LCD Display History

  1970s. Fast forward nearly 100 years and we have the first industry applications of liquid crystals. In 1970, Hoffman-LaRoche filed for a patent in Switzerland for the twisted nematic (TN) field effect in liquid crystals. The company then licensed the technology to the Swiss manufacturer Brown, Boveri & Cie (BBC), which produced TN displays for wristwatches and other applications.


  In 1973, Sharp Corporation made use of LCD displays in calculators. Shortly after, the company followed BBC’s lead and mass produced TN LCD displays for watches in 1975.


  1980s. After wristwatches came televisions (TVs), with the first color LCD TVs being developed as handheld TVs in Japan. In 1982, Seiko Epson released the first LCD TV, the Epson TV Watch, a wristwatch equipped with a small active-matrix LCD TV.


  Just a few years later, in 1988, Sharp announced a 14-inch, active-matrix, full-color, full-motion TFT LCD, which led to Japan launching the LCD industry. This industry developed large-size LCDs, including TFT computer monitors and larger LCD TVs.


  1990s. The 90s gave way to technology acceleration in the LCD space. Through multiple breakthroughs, researchers and inventors were able to improve contrast and viewing angles, as well as bring costs down.


  2000s. After 30+ years of competition, LCD technology surpassed longstanding CRTs. Namely, in 2007, LCD TVs could claim better image quality than CRT-based TVs. Subsequently, in the fourth quarter of 2007, worldwide sales of LCD TVs were higher than that of CRT TVs for the first time ever.


  How Do LCD Displays Work?


  Next, let’s take a brief look at how the technology works. Essentially, the LCD glass is just a light valve whose sole purpose is to either block light or allow light to go through it. We go into greater details in our post, “The Anatomy of LCD Displays,” but here’s the gist:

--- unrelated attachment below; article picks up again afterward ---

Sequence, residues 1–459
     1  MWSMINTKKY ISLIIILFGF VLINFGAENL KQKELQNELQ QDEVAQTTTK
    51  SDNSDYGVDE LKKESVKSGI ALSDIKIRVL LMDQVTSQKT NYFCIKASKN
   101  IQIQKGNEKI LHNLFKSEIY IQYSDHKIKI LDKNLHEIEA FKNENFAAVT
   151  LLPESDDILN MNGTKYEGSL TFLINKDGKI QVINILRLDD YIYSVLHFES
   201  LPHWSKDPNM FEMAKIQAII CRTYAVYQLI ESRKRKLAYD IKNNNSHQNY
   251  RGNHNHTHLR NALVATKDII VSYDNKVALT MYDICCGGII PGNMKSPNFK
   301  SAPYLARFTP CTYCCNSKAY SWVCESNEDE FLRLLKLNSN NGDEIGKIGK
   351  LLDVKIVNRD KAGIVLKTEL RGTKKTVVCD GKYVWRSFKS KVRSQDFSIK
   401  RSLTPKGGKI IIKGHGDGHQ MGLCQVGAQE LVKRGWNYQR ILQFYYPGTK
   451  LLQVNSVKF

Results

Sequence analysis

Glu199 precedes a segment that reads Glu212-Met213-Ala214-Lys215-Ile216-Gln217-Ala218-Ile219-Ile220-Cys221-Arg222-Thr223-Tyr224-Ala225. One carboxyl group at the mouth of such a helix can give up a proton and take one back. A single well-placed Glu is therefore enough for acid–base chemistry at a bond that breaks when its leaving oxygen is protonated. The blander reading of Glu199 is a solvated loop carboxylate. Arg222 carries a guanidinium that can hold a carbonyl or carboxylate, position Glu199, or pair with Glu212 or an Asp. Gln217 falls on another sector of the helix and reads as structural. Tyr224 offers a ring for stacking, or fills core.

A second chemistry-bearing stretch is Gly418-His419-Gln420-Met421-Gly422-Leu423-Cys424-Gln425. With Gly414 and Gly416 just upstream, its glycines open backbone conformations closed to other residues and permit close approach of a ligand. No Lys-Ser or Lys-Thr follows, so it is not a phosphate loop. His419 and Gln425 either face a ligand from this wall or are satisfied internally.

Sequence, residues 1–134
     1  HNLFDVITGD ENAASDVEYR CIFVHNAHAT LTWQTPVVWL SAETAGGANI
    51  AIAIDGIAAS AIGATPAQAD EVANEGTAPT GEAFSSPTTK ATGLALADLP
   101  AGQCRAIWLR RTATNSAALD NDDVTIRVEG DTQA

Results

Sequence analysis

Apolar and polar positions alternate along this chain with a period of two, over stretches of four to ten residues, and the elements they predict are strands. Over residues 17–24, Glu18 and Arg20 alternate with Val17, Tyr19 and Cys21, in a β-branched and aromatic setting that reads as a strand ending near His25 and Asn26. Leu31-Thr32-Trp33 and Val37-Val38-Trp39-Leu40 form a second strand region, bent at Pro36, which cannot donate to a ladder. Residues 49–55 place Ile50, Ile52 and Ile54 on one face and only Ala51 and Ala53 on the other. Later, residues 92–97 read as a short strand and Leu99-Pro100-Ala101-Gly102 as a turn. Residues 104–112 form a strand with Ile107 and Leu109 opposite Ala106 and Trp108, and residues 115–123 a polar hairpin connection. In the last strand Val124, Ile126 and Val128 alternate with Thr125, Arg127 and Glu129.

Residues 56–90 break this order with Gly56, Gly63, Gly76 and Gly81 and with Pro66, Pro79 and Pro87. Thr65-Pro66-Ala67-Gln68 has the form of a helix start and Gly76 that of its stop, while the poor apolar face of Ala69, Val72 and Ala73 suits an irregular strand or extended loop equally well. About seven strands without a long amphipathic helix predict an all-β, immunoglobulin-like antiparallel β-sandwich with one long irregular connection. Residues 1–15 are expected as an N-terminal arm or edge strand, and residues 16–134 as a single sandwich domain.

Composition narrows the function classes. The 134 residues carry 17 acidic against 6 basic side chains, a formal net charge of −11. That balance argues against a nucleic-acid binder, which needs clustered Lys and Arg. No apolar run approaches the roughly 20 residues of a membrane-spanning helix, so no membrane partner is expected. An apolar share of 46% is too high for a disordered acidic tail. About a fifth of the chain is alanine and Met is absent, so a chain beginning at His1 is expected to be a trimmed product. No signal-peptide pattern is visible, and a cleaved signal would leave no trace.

It accomplishes this simple task through the liquid crystal fluid, which is a fluid that’s rotated in a steady natural state between two pieces of glass. This rotation, when combined with front and rear polarizers, allows the light to be either transmitted through the glass or blocked. This light blocking state is changed when a voltage is applied to LC fluid which stops the light’s rotation.


  What’s Happening with LCD Displays Over the Next 10 Years?

Finally, let’s look at the LCD display landscape in the near future. There’s three big areas that are being explored with LCD displays: Flexible displays, 3D displays, and reel-to-reel manufacturing.


  Flexible Displays. Even now, you’re probably hearing buzz about flexible displays, which are bendable displays that are virtually shatterproof and unbreakable.


  Development has been moving forward with these displays in both military and industry. Funding by the military makes sense given that flexible displays won’t break like traditional displays, providing for numerous field applications that require a more durable display.


  In addition, there are plenty of industrial applications that would benefit from flexible displays, such as products that could use displays that wrap around objects.


  3D Displays. With 3D being such a popular technology, it’s no surprise there’s activity in this space. These displays are capable of conveying depth perception to viewers, which provides for a more realistic user experience.


  Specifically, 3D displays with passive glasses (or no glasses) remove the requirement for syncing up with more expensive, active, shutter-based glasses. Naturally, this will lead to cost savings.


  Reel-to-Reel Manufacturing. Current manufacturing processes only allow for building one glass panel at a time. Even with great efficiencies, this process is limiting.


  In contrast, reel-to-reel manufacturing enables the continuous building of glass panels. This will represent a dramatic reduction in costs, which can be passed along to the customer and allow for more competitive pricing.


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